Research shows a clear trend of people working beyond the traditional retirement years, including still being on the job into one’s 70s.
Writing for the UK’s Telegraph, Sam Meadows profiles one such employee who holds a position that didn’t even exist when she first left the workforce 25 years ago. The employee, 70, is a social media manager, a job some might connect with younger workers.
She “wasn’t forced to carry on working to make ends meet, although she said she was glad of the extra income.” With the decline of company pensions “and the rise in the state pension age as longevity improves, many other seventy-somethings will find themselves still in the workplace,” he writes.
Although the employee faced a learning curve, she and other older workers bring something to the work environment younger workers don’t: life experience with applicable job relevance.
“Soaring life expectancy is forcing all of us to view retirement differently. Squeezed savings rates have diminished pension returns, putting additional pressures on our years in work, and highlighting the importance of changing careers and retraining,” continues Meadows.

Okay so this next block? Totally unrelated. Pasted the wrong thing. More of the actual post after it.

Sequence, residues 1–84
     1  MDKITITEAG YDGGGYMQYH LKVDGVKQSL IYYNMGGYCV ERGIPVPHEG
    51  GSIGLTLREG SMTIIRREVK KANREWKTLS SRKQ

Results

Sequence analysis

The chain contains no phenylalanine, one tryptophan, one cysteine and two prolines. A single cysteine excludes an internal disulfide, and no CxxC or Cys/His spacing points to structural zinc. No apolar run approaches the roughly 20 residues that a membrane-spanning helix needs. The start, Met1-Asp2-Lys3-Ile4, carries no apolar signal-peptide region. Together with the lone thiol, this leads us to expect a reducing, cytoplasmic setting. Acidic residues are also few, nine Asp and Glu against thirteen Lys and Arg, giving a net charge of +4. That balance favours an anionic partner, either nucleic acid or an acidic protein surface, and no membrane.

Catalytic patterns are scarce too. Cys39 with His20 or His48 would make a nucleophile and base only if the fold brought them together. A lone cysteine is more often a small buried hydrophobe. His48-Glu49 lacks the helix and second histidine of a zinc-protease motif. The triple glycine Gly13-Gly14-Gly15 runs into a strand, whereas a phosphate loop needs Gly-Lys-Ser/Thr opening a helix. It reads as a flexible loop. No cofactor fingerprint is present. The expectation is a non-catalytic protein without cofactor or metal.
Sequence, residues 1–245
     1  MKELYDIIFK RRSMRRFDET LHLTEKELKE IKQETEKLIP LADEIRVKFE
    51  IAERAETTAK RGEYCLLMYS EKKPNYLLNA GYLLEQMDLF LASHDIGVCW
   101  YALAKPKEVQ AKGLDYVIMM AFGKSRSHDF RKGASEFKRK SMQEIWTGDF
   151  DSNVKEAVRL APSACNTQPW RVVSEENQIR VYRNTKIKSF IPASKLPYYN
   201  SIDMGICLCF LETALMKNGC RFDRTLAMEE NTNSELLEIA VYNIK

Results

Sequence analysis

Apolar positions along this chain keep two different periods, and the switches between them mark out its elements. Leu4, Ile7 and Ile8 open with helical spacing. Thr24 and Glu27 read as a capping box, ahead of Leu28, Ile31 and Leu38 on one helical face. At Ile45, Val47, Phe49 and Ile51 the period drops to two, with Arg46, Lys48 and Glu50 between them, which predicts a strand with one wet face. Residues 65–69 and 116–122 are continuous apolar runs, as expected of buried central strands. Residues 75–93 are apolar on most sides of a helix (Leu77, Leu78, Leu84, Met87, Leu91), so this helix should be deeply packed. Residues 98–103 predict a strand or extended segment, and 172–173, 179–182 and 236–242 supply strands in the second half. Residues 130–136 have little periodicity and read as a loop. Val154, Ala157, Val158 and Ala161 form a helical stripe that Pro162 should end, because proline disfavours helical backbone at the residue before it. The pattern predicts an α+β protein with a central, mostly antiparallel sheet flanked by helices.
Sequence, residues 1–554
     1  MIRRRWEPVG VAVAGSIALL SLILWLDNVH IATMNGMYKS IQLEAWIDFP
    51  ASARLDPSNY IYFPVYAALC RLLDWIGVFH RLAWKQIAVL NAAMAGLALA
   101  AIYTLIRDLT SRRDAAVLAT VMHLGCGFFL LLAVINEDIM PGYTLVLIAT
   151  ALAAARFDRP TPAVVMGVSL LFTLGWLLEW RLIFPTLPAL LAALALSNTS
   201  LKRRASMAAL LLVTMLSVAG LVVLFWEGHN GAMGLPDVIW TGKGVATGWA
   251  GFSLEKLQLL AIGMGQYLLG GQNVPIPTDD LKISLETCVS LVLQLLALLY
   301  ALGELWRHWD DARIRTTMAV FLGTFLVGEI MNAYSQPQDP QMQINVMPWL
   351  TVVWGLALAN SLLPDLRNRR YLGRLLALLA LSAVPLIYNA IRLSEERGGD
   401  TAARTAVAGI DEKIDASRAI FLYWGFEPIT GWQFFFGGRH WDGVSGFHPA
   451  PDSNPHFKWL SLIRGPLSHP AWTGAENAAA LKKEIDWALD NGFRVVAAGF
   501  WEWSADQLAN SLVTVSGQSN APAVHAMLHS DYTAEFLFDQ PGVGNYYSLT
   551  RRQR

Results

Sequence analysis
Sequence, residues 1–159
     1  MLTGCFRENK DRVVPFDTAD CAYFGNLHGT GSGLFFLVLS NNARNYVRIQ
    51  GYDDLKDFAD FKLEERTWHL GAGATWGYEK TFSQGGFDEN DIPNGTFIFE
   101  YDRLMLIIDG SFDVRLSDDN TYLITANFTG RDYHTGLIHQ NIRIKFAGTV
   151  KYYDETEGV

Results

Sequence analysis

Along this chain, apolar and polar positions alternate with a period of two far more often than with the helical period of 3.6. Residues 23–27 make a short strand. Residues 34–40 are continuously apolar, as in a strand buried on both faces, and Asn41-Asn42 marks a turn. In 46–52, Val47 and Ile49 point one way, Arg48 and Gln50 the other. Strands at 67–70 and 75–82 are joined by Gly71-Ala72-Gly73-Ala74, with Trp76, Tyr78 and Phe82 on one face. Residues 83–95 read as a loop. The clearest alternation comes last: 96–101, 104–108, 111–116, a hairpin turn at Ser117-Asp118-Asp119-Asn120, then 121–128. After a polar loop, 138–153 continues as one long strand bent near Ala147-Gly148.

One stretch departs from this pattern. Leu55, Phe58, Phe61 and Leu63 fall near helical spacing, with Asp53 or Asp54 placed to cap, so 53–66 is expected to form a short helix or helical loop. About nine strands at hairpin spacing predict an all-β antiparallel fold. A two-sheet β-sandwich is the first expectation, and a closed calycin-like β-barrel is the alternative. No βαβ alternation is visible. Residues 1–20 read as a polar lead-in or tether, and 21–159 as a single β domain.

“If it continues to rise at the current rate, babies born this century will have a greater than 50 (per cent) chance of living to 105. This means someone wanting to retire in their mid-60s would have to fund a 40-year retirement.”
More: Employers continue to favour younger workers.

ARIA provides a forum for an informed discussion on retirement income adequacy, and other related issues, including pension and retirement coverage, and defined benefit pension plans – ARIA pensions blog, 12 Dunlop Street, Barrie, ON, L4N 1V6 – sitemanager@ariapensions


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